I've been called the anti christ before I think.... Fuck that's like a badge of honor for me. I'm a soulless bastard haha

But really, when you are looking for support, you don't deserve to be harassed. I don't want that for you... K Used to it or not, I don't want that for you.

DLJ Wrote:And, yes, the principle of freedom of expression works both ways... if someone starts shit, better shit is the best counter-argument.
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16-04-2017, 05:23 AM
RE: How to deal with my friend's really religious mother?
It sounds as though your friend's mother is not good in situations that make her uncomfortable, and it seems that for whatever reason, she was uncomfortable interacting with you. I agree with your guess that she was most likely trying to express some sort of good will/welcome towards you, albeit in a completely misguided, awkward, and off-putting way.

I think that if you don't reveal your atheism to her, over time you will get much less, not more, religious talk from her, as she gets to know you. However, if she thinks of you as a project (atheist, her kid's friend, a nice accomplishment for her to point to on Judgment Day) you may be in for a heap of god talk.

Well done for keeping your composure in that situation.
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16-04-2017, 08:21 AM
RE: How to deal with my friend's really religious mother?
(15-04-2017 11:55 PM)ScarletStormBreaker Wrote:  I just don't know what to do if I continue to see her, should I eventually tell her or should I just sit quietly and nod my way through the whole conversation like I did today?
From an old geezer who was 18 once too, and remembers it well ... if I don't miss my guess, in an effort to be seen as honest and forthright (and perhaps to fulfill your own self image of what you think it means to be that) you have a tendency to feel obligated to provide more information that is strictly necessary.

Also, you're just entering adulthood and are used to deferring automatically to "adults". Except that, "now you are one!".

It is NOT dishonest to avoid revealing ANYTHING about yourself that you don't wish to reveal or which you believe is not the other person's business or that you think they probably can't handle like an adult. NONE of your discomfort in this situation should come from feeling dishonest or fraudulent or misleading.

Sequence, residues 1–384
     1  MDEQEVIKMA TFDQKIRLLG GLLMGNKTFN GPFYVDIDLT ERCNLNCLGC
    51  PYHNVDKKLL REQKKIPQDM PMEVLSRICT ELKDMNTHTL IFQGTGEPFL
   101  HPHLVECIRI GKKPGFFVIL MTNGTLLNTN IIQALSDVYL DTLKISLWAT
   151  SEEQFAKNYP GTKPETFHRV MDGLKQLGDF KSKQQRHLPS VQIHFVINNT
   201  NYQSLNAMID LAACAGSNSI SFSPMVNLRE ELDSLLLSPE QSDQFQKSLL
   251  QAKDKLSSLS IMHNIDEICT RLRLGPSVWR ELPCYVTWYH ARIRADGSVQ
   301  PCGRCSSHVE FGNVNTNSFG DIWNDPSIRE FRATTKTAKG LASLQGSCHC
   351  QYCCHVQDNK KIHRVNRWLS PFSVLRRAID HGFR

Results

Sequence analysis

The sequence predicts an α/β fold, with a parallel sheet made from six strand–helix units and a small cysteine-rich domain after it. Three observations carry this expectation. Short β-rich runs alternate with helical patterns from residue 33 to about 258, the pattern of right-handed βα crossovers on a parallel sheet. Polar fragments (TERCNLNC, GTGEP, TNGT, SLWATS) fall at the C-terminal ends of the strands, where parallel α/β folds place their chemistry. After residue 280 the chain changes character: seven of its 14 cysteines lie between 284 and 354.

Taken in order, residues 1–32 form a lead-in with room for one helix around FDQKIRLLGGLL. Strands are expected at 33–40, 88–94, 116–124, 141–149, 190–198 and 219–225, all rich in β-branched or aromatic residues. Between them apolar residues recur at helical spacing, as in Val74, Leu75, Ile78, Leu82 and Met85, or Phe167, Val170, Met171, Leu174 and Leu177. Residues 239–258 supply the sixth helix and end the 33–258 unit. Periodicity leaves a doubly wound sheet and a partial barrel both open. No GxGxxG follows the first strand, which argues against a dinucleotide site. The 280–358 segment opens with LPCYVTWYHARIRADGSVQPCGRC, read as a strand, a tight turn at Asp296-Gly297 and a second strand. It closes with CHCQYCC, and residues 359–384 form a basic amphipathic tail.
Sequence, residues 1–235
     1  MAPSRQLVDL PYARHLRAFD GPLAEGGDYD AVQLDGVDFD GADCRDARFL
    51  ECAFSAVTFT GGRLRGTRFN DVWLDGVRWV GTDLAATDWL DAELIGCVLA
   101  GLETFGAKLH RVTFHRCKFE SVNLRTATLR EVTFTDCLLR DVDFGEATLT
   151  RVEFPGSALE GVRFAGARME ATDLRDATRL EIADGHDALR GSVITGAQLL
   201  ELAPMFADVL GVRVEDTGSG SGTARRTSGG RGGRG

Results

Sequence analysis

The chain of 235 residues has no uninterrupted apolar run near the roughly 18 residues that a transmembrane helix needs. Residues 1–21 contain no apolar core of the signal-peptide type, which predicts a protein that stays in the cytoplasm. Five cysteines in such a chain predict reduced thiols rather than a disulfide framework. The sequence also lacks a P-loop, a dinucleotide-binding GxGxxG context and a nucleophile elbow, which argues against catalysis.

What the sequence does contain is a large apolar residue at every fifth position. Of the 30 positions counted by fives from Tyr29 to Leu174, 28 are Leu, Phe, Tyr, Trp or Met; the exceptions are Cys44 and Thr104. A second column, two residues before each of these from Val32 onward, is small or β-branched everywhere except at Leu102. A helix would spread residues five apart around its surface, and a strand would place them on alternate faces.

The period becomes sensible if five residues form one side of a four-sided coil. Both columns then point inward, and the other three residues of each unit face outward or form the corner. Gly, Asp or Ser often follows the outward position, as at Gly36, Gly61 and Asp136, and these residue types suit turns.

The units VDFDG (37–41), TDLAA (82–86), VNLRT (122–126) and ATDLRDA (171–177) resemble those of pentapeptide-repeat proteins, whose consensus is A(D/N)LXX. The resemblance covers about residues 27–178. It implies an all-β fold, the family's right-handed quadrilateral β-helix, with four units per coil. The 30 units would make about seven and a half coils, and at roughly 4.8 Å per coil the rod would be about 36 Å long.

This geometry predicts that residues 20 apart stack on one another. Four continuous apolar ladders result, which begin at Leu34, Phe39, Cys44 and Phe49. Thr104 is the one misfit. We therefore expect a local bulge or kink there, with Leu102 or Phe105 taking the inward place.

In fact, it's PRUDENT to be very selective who you are open with. You can be withheld without being rude or dishonest (though at first you may feel you're being rude or dishonest).

It is NONE of this woman's business what your religious / metaphysical / philosophical beliefs are. She may have actual prurient interest or simple curiosity about it (most likely the former) but that doesn't MAKE it her business. You can -- and should -- hold your personal beliefs AS personal and private. If someone like that really presses you, you can just smile in as relaxed and non-threatening a way as you can manage, and say that you don't care to discuss your personal beliefs. An actual adult will back right off from that. The most they might do is bloviate about how they will pray for you or something and you can just smile and thank them and move on as if the subject is closed (and it IS because YOU closed it). You do NOT owe her an explanation of ANY kind -- either for your beliefs or your lack of desire to reveal them. If she accuses you of being a reprobate or unbeliever, you can just smile and say she might be wrong about that, and should not assume anything, and then continue to steadfastly change the subject. If she won't let it go (in the fairly unlikely event that a veritable maelstrom of craziness is buzzing in between her ears) the just say honestly that this is uncomfortable and you are removing yourself from the situation, and then do so -- up to and including leaving if you have no good alternatives. ALL of this is ENTIRELY within your rights as a newly-minted adult. In truth, it would be within your rights as an adolescent, too.

If you were a more confrontational, devil-may-care type, you could deliberately screw with such a person, but that would probably not be your style, I'm guessing (it wasn't mine in those days and is only beginning to be now in my 60s).

Think about WHY you are uncomfortable about this; if, as I suspect, it is because you feel pressure to be open with someone who hasn't earned your trust but you feel you are being forced to be open, recognize that she has no BASIS to force you and without YOUR permission and assent, she CAN'T force you.

All she can do is threaten you with her own disapproval and guess what? She's not your mother, or anyone you're even committed to, and if she's going to be impertinent and perhaps even toxic, you have every right to remove yourself from her. She is POWERLESS to make you reveal anything you don't want to and has NO moral right to do so.

I wish that someone had explained this seemingly obvious stuff to MY 18 year old self but no one did and I was such an eager-pleaser that it never occurred to me until MUCH later in life.

Start owning your personal life and the privileges that go with it. Share your thoughts selectively with those who have earned the right to have them shared.